Anti-Taliban Afghan govt vows to continue its fight
Kuala Lumpur, Sept 18, IRNA -- The anti-Taliban Afghan government, mourning the death of its military chief, Ahmad Shah Masood, vowed to continue its military campaign against the Taliban regime, the official Bernama news agency reported on Monday.
Abdul Sattar Murad, Afghanistan's ambassador to Malaysia, said that Masood has been declared a national hero, the highest recognition in Afghan history by President Burhanuddin Rabbani.
"His death will not weaken the determination of the nation but rather further strengthen the determination and resolve of our people and nation to fight terrorists and mercenaries," Abdul Sattar said, as quoted by Bernama.
He said a one-week mourning period for Massod had been declared.
Masood was known as the "Lion of Panjsher Valley" for his heroism and ability to counter the former Soviet forces, especially in this strategic valley, for more than 10 years from 1979.
Abdul Sattar said Intelligence Chief Gen Mohammad Fahim had replaced Masood and would now lead the ongoing military campaign against the Taliban, which grabbed power in September 1996 from Rabbani's government and controls about 70 percent of the Central Asian nation of some 20 million people.
The ambassador reiterated his government's allegation that the Taliban regime and Saudi-born militant Osama bin Laden masterminded Masood's assassination with the help of a foreign country.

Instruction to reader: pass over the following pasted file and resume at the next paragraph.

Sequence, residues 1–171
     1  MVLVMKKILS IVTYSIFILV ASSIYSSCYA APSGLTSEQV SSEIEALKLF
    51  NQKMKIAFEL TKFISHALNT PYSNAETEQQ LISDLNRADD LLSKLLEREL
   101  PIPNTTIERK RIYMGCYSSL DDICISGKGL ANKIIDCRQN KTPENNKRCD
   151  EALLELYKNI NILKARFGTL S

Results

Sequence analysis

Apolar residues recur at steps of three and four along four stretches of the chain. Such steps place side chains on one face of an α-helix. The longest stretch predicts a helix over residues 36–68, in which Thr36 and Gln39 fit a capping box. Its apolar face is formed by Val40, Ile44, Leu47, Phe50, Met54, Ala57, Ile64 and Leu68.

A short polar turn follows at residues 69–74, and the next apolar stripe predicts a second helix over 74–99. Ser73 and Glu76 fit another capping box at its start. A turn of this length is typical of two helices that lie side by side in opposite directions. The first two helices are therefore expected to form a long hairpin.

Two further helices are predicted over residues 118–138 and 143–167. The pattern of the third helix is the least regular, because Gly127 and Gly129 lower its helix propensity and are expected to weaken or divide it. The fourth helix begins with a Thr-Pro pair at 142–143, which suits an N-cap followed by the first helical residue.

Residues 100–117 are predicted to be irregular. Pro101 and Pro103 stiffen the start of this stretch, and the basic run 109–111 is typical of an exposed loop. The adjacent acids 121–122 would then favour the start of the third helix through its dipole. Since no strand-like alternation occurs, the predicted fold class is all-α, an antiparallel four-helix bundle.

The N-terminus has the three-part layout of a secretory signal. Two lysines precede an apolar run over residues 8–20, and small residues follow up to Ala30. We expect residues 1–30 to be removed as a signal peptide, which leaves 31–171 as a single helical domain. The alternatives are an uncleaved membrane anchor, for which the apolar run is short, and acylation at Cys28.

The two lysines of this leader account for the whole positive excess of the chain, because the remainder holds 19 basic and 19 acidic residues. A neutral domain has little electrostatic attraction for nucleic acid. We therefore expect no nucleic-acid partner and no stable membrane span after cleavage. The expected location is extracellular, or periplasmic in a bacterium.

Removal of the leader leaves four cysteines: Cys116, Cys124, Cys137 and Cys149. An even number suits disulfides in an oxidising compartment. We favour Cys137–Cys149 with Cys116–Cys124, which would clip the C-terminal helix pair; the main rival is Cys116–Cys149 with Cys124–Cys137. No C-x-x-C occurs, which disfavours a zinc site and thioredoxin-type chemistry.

The legendary Masood, 48, top Afghan resistance fighter during the Soviet's occupation, died in hospital on Friday from wounds suffered in a suicide bomb attack by two Algerians posing as journalists last Sunday.
Commenting on General Fahim, Abdul Sattar said he was one of Afghanistan's top commanders and freedom fighters during the Soviet occupation who fought alongside Masood and was the key man executing military operations planned by Masood against the Taliban.
Both Masood and Gen Fahim, who is in his mid-40s, are from the Panjsher Valley of the northern Parwan province.
Abdul Sattar also said that reliable sources had informed his government that some Taliban commanders have deserted Kabul and were fleeing to Pakistan in anticipation of an American attack.
Afghanistan has been gripped by a war fever after planes hijacked by terrorists believed to be linked to Osama crashed in New York and Washington on Tuesday.
Osama is being protected by the Taliban regime which has been condemned by the international community for its human rights abuses.
The Taliban are only recognized by three countries--Pakistan, Saudi Arabia and the United Arab Emirates--while the United Nations and many countries, including Malaysia, recognize the Rabbani government as the legitimate authority.
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